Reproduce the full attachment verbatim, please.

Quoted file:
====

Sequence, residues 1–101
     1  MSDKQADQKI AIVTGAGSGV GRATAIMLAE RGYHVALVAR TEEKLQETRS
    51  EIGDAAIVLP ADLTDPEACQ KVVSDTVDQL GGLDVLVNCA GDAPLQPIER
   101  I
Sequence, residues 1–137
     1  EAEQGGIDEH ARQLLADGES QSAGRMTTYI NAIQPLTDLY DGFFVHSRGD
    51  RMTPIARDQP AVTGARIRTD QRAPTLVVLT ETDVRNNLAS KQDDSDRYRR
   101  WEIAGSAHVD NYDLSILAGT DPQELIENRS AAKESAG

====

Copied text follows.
Sequence, residues 1–101
     1  MSDKQADQKI AIVTGAGSGV GRATAIMLAE RGYHVALVAR TEEKLQETRS
    51  EIGDAAIVLP ADLTDPEACQ KVVSDTVDQL GGLDVLVNCA GDAPLQPIER
   101  I
Sequence, residues 1–137
     1  EAEQGGIDEH ARQLLADGES QSAGRMTTYI NAIQPLTDLY DGFFVHSRGD
    51  RMTPIARDQP AVTGARIRTD QRAPTLVVLT ETDVRNNLAS KQDDSDRYRR
   101  WEIAGSAHVD NYDLSILAGT DPQELIENRS AAKESAG